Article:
The itinerary of a recent business trip routed me through LaGuardia Airport for a plane change. It was dinnertime, so I wandered over to what passes for a food court at LaGuardia to survey the usual dismal choices. This being New York City, the food vendors are required to show the calorie content of each item on their menus. The numbers do not stack up well for red meat: every sandwich or dish containing beef or pork weighed in at several hundred calories, and most of them vaulted well above the thousand-calorie line. I settled for something lighter, as I imagine many a LaGuardia traveler does. What I ate was tasteless, but at least I didn’t feel like I had a fatty brick in my stomach as I flew on to Florida.

A hospital cafeteria I’m familiar with here in northern New England also posts the calorie (and fat) content of the various foods available. Here, red meat looks better. A few months ago the hospital’s administration decided that a hospital cafeteria really ought to promote healthy eating, so out went all the fried foods, all the bags of potato chips, all the doughnuts. There are few remaining high-fat items – a cheeseburger is one – but consumption is discouraged by the pricing: the healthier the food, the cheaper it is. Salads are dirt cheap, even when you build a big green mound for yourself at the salad buffet. Veggie wraps cost practically nothing. Wraps filled with lean, thin-sliced roast beef are cheap too. A nice portion of grilled salmon fillet served with salad costs just four bucks, and the cafeteria manager told me he now sells more salmon fillets than he did of the previously most popular item, which was fried chicken tenders. When the tenders disappeared along with all the other fried foods he got some complaints, but they died out quickly, he said, and no one ever complains about the salmon.

The problem at the airport isn’t really that the frightening calorie counts posted for the burgers, sausages, pork burritos, fried chicken sandwiches, etc., are driving customers to wraps, salads and fruit cups. It’s all the toppings that are added to the meat: glops of fatty mayonnaise, slices of oily cheese, fat-streaked bacon strips, “secret sauce” that’s almost entirely fat, etc., all of which launch meat-bearing foods into the caloric stratosphere. Meat naturally carries some fat, but why must these airport purveyors load up their sandwiches with more and more of the stuff? Don’t they want to sell these things? When you see a single bacon cheeseburger weigh in at a couple of thousand calories – and that’s without the fries everyone always orders too -- you’re not really encouraged to think in terms of healthy eating, you know? Oh well, thinks the industry, we sell plenty of bacon cheeseburgers in the millions of places where calorie counts aren’t required on the menu.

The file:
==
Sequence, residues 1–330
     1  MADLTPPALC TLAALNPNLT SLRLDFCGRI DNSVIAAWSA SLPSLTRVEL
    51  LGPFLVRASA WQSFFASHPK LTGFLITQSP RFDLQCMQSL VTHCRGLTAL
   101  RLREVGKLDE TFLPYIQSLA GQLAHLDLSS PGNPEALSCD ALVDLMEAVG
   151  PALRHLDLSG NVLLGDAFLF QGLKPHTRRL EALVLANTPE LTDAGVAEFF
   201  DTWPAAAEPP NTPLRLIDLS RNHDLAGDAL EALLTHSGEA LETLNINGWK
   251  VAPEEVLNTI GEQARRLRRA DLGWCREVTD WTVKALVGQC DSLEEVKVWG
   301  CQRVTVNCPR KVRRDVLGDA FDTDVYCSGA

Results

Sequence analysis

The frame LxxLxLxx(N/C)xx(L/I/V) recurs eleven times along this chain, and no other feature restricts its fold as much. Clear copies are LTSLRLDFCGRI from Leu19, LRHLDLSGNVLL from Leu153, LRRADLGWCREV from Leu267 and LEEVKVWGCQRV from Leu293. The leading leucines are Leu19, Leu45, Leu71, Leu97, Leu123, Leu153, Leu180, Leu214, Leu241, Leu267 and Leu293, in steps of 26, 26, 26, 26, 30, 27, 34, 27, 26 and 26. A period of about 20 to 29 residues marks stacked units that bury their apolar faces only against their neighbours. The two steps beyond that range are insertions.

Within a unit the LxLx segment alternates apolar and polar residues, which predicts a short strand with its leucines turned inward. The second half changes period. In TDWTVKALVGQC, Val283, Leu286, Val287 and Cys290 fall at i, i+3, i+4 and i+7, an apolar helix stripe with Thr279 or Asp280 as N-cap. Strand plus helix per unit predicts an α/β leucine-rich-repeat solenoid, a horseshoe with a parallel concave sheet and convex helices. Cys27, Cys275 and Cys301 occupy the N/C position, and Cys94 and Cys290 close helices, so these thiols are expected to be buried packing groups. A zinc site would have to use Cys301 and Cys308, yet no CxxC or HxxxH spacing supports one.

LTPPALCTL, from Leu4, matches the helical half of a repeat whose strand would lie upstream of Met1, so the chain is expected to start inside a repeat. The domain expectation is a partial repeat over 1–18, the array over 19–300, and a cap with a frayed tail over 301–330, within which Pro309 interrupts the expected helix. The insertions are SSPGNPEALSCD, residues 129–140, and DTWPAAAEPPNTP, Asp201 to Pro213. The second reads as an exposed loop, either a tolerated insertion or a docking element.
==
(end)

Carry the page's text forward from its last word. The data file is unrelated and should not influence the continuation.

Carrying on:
But the reason why all the unhealthy additions are added to certain fast-foods, calories be damned, is because the meat itself is sub-par. It’s as tasteless as mud. Bacon, cheese, fat-thickened sauces, oily marinades – it’s the only way to put any flavor into these cheap meats. Trying to watch my fat intake these days by ordering an unadorned fast-food hamburger always dampens my usual sympathy for the meat industry: Without fail I wish I’d gone for the salad instead or, even better, not walked into a fast-food joint in the first place.

At airports you don’t have much choice, though, if you are hungry. Why airports typically offer such awful food choices is a mystery, unless you consider that most things about air travel these days is equally awful. But I think the meat industry has an opportunity here, actually. While I don’t expect the industry to increase the quality, and thus the cost, of typical fast-food fare, since that market is determined by price, the situation at airports, cafeterias and the like is a bit different. How about a marketing and promotion campaign, in conjunction with airport foodservice, that brings some healthier and better-tasting meat products into airport food stands? There’s a bit less fear in pricing with airport vendors than there is the fast-food shark tank, because a large portion of travelers spends company money, not their own. Moreover, the industry not only knows it can produce these products at affordable prices, it would be doing travelers a real favor. Imagine: honest-to-goodness decent food at an airport! So let’s do it. Or we can carry on as usual and risk losing out to the salmon again.